Accordingly, if Ballard's testimony had been offered only to show that the conversation had occurred, the testimony would not be hearsay. See State v. Huizar, 414 So.2d 741, 749 (La. 1982). However, additional questioning by the prosecutor through which the state elicited further testimony as to the content of the conversation reveals that Ballard's testimony was offered for the truth of the content of the conversation. Hence, the testimony constituted inadmissible hearsay.
We note, however, that the hearsay testimony of Ballard was cumulative and corroborative of the victim's testimony that had already been placed before the jury. Therefore, the admission of the hearsay is harmless error. See State v. Spell, 399 So.2d 551, 556 (La. 1981).
During direct examination of Gonzales Police Officer Clarence Brock, the following exchange occurred:
Q How did you first find out about [the instant charge?]
A We received a complaint . . . from a Sergeant Ballard with the National Guard Armory that one of this men —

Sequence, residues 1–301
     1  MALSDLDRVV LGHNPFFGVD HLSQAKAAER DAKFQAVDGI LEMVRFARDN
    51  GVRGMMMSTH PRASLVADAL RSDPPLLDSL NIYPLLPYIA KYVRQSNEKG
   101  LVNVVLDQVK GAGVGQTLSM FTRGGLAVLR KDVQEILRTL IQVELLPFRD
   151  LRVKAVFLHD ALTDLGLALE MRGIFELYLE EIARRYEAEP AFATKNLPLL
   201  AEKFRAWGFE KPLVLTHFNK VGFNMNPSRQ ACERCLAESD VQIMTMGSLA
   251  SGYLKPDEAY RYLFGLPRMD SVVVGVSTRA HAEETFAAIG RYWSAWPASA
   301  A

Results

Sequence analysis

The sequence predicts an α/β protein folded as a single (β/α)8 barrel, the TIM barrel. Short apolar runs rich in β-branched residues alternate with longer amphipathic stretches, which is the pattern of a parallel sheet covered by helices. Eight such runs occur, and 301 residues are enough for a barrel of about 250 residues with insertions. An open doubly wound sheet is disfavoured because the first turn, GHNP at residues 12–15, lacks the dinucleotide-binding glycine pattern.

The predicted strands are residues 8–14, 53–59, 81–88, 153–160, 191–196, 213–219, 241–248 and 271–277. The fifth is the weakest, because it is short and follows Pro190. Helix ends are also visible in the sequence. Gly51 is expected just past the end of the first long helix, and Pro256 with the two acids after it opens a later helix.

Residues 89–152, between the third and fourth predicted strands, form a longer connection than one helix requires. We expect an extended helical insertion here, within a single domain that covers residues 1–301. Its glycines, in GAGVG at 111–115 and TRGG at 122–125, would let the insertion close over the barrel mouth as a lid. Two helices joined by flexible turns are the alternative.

MR. MATTHEWS: Once again, Your Honor, I'm going to interject an objection of hearsay.
THE COURT: Don't say what anybody told you.
A Okay, we received information that one of the person's [sic] at the National Guard Armory had been robbed.
Q (BY MR. TUREAU) Did you investigate that?
A Yes, sir. Well, it wasn't exactly robbed at the time. At the time he had been rousted by two police officers.
MR. MATTHEWS: Once again I'm going to object and ask to have it stricken from the Record. This is nothing but going in the back door what you can't get in through the front.